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The US’ Ongoing ‘Forever Prisoner’ Problem At Guantánamo – OpEd

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It’s now over 20 years since, in response to the terrorist attacks on September 11, 2001, the Bush administration declared that it had the right to hold indefinitely, and without charge or trial, those seized in the “war on terror” that was launched after the attacks.

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As a result of the US turning its back on laws and treaties designed to ensure that people can only be imprisoned if they are charged and put on trial, or held until the end of hostilities as prisoners of war, the men held in the prison at Guantánamo Bay have struggled to challenge the basis of their imprisonment.

For a brief period, from 2008 to 2010, the law actually counted at Guantánamo, after the Supreme Court ruled that the prisoners had constitutionally guaranteed habeas corpus rights, and 32 men were freed because judges ruled that the government had failed to establish — even with an extremely low evidentiary bar — that they had any meaningful connection to either Al-Qaeda or the Taliban. However, this brief triumph for the law came to an end when politically motivated appeals court judges passed a number of rulings that made successful habeas petitions unattainable.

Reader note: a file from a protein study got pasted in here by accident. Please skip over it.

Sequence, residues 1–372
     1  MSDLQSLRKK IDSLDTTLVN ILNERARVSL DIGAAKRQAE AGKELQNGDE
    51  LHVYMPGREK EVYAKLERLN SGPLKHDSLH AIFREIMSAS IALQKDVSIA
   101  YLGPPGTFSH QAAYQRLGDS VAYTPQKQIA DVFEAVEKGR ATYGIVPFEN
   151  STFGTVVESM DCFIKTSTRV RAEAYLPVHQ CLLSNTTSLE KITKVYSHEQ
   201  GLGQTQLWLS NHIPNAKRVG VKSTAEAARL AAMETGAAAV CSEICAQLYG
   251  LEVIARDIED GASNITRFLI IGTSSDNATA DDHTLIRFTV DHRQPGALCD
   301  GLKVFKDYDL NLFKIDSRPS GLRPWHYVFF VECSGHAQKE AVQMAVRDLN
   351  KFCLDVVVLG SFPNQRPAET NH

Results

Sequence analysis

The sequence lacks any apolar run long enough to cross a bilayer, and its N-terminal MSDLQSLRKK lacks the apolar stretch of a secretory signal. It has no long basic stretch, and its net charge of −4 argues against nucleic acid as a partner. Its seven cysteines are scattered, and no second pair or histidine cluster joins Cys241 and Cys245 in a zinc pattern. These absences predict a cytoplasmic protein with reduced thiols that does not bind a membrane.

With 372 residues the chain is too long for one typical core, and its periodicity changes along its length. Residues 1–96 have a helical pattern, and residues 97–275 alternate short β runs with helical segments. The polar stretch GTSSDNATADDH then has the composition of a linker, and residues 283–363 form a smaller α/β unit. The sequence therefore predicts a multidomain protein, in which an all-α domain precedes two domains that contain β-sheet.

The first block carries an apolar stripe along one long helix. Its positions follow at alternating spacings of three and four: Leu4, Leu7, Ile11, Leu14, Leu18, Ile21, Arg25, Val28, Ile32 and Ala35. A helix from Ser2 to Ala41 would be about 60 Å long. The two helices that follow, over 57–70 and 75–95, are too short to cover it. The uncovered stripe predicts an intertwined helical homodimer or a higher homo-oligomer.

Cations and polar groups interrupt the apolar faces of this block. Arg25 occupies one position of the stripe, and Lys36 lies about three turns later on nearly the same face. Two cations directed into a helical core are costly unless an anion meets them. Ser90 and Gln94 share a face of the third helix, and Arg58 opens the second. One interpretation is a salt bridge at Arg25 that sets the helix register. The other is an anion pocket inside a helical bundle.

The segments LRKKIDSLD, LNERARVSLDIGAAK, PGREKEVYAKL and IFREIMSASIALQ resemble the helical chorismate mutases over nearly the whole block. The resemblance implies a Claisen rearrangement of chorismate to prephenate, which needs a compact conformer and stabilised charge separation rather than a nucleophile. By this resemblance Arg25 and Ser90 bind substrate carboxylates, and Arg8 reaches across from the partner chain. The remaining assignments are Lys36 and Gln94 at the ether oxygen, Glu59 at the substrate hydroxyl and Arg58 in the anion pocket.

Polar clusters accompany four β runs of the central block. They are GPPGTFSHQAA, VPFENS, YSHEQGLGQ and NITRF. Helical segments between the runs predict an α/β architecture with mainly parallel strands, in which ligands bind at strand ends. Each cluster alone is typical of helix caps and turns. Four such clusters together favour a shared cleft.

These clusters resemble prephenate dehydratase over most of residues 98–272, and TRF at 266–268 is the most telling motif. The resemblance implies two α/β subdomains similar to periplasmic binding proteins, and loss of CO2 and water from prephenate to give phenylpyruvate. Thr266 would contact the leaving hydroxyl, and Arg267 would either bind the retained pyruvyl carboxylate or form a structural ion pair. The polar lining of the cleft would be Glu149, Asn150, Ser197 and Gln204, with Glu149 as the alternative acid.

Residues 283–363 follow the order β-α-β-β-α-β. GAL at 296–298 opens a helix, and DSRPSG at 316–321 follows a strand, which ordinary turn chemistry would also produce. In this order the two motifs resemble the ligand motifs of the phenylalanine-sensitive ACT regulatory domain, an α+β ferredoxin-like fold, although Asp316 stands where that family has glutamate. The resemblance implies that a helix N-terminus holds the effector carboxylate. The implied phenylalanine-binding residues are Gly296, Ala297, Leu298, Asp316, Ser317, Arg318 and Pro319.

Ironically, the only other prisoners freed because the law applied to them were a handful of men charged in the military commissions, the trial system that was unwisely dragged out of the history books by the Bush administration. Between 2007 and 2014, eight men were convicted, mostly through plea deals, with all but two subsequently released, leading to a situation whereby it was easier to get released from Guantánamo through being regarded as “significant” than by being a “low-level” prisoner.

For the majority of the 732 men who have been freed from Guantánamo since the prison opened in January 2002, the law has had no influence on their release. After he chaotically established Guantánamo in the first place, George W. Bush freed 532 men before he left office, many as a result of political pressure from their home countries, while others were freed as a result of administrative review processes introduced in 2004.